Pakistan staged an unprecedented paramilitary raid on the headquarters of one of the country’s most powerful political parties today, seizing a cache of weapons and arresting some of its members.
Shortly after 4am, masked members of Pakistan’s Rangers force entered the offices of the Muttahida Qaumi Movement (MQM), a controversial party known for its secular politics but also reputed for violence, in the Karachi neighbourhood of Azizabad. The area is known as Nine-Zero after the house where the party’s leader Altaf Hussain, now in self-imposed exile in Britain, once lived.
The MQM said three of its members were shot and wounded during the dawn raid and a fourth, a press officer, was killed. The normally bustling city came to a halt as shops and schools closed amid fears of a backlash from supporters of the party, which has huge popular backing in Karachi.
In a fiercely disputed account of the raid, the Rangers said they arrested 20 members, including six wanted “terrorists”. The MQM claims that the number arrested was larger, but did not deny the presence of the wanted men.
Col Tahir Mahmood, a Rangers spokesman, said the captured weapons could not have been legally imported into Pakistan and may have been acquired through a raid on Nato supplies that are taken by truck from Karachi’s port to Afghanistan. Faisal Subzwari, a senior member of the MQM, said the weapons were licensed. “We have our own security system, thanks to threats from the Taliban and other groups who threaten us,” he told The Independent.
Saman Jafri, a member of the Pakistani parliament for MQM, who witnessed the incident, said “paramilitary forces” arrived in the early hours in what she described as an “illegal raid”. They reportedly seized computers and disconnected telephone lines, before shooting 24-year-old Waqas Ali Shah as they withdrew. “He was shot as they fired their rifles on a crowd of peaceful protesters. This was a wholly unjustified use of power by the establishment to protect Pakistan’s feudal system and to consolidate its grip on power,” she said.
Karachi has a fearsome reputation for violence, with the Taliban and other Islamist militant groups entrenched there. Pakistan’s Supreme Court has also said that the city’s main political parties all maintain armed militant wings of their own.
The MQM and groups from the Pakistan People’s Party (PPP) and the Pashtun national Awami National Party have all been widely accused of crimes including drive-by shootings and racketeering.
The MQM, which was at the centre of Pakistani politics and ran key government ministries in Islamabad for several years, has been pushed to the margins since the 2013 elections, in which the Pakistan Tehreek-i-Insaf defeated it in several districts. There had been growing speculation that Islamabad authorities wished to take action against it.
In London Mr Hussain addressed supporters in Karachi by telephone, he said: “I was shocked to hear this news. In a democratic country it should not be the role of the Armed Forces to conduct extrajudicial operations on lawful organisations, least of all the headquarters of a democratically elected political party.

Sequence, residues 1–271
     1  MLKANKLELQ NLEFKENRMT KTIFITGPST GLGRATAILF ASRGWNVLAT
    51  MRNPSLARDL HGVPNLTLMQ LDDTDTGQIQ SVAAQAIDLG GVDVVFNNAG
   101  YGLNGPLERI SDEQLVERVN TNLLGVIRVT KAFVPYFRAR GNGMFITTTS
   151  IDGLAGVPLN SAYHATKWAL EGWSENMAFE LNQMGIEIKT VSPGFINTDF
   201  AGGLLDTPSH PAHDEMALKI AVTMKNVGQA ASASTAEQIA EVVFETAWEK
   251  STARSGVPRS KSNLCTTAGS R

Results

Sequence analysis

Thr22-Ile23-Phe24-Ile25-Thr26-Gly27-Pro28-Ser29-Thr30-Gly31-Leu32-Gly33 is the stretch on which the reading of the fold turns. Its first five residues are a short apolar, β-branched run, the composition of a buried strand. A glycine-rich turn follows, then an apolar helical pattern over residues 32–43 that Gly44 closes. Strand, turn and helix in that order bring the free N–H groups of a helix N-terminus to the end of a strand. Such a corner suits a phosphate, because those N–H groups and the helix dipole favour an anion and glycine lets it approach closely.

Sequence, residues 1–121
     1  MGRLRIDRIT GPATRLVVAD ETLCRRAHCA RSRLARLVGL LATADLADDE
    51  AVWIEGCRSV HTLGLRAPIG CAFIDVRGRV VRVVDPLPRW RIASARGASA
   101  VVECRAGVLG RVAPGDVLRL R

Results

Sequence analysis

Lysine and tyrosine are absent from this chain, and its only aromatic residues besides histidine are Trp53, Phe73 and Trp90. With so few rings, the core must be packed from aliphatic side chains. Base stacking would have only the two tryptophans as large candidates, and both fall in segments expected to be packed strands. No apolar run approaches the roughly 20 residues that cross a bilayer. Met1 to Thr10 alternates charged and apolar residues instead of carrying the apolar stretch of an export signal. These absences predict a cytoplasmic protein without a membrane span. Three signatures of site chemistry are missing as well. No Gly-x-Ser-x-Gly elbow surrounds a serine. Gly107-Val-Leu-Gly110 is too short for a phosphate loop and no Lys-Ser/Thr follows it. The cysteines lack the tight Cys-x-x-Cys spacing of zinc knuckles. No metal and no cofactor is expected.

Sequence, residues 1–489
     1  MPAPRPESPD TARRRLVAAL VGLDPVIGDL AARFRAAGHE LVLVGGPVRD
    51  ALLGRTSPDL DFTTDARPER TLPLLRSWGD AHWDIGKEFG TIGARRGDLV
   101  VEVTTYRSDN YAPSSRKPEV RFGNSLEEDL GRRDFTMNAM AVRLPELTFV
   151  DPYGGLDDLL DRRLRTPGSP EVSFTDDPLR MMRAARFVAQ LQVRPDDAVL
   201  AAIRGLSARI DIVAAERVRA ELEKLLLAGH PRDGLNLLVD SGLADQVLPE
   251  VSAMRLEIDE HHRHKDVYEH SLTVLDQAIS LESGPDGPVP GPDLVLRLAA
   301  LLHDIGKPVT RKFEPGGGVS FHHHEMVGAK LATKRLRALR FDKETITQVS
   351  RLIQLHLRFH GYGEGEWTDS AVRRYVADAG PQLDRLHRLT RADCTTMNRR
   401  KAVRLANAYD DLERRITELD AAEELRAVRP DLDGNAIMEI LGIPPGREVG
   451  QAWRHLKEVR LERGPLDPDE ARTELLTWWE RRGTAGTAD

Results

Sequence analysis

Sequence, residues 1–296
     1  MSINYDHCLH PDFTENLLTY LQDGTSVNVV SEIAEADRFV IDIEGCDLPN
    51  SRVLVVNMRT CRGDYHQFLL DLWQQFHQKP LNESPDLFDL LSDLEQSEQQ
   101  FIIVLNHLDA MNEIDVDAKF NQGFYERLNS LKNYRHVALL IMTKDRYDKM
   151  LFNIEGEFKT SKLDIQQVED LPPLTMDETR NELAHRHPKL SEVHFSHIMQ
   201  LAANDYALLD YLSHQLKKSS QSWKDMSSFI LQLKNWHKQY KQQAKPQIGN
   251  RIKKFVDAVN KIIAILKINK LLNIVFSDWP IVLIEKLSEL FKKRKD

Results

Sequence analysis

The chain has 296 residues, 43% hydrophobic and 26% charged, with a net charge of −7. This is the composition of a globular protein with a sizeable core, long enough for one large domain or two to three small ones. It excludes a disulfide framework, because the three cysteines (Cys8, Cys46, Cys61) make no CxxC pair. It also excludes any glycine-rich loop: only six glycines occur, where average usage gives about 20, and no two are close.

“I appeal to my workers and supporters to remain calm; I believe that time will show this to be a wholly unjustified abuse of power on the part of the establishment.”
Mr Hussain, who has lived in the UK since 1992, saying his life is in danger in Pakistan, is currently on bail after being arrested on suspicion of money laundering in June last year along with two other men. A fourth man was arrested on 12 January by Metropolitan Police officers as part of a broad inquiry believed to relate to a quantity of money recovered during a raid on Mr Hussain’s home in north-west London. All the men are suspected to be linked to the MQM party.
The inquiry is just one of several past and continuing police investigations into Mr Hussain, his political allies and members of his family. He regularly addresses large rallies in Karachi by conference telephone connected to loudspeakers and in May 2013 was investigated by police after “thousands” of complaints that his televised speeches were inciting violence in Pakistan. In October the CPS decided there had been no criminal offence.
However, the most high-profile police investigation followed the 2010 murder of senior MQM leader Dr Imran Farooq, who was stabbed to death outside his house in Edgware, London.
Scotland Yard is thought be investigating whether the murder was linked to Dr Farooq’s plan to break away from the MQM and launch his own political career. In June police arrested two men on suspicion of the murder, including Mr Hussain’s nephew Iftikhar Hussain, who was later released without charge. The other unnamed man is still on police bail.
A police source told The Independent that the case was still “wide open and on-going” and that officers from the Met’s Counter Terrorism Command were working with authorities in Pakistan to continue to hunt for two men who left the UK on the night Dr Farooq was stabbed.
Officers believe Moshin Ali Syed and Kashif Khan Kamran, both in their early-to-mid thirties, entered Britain on student visas on 16 September 2010 before leaving on the night he was killed.Reuse content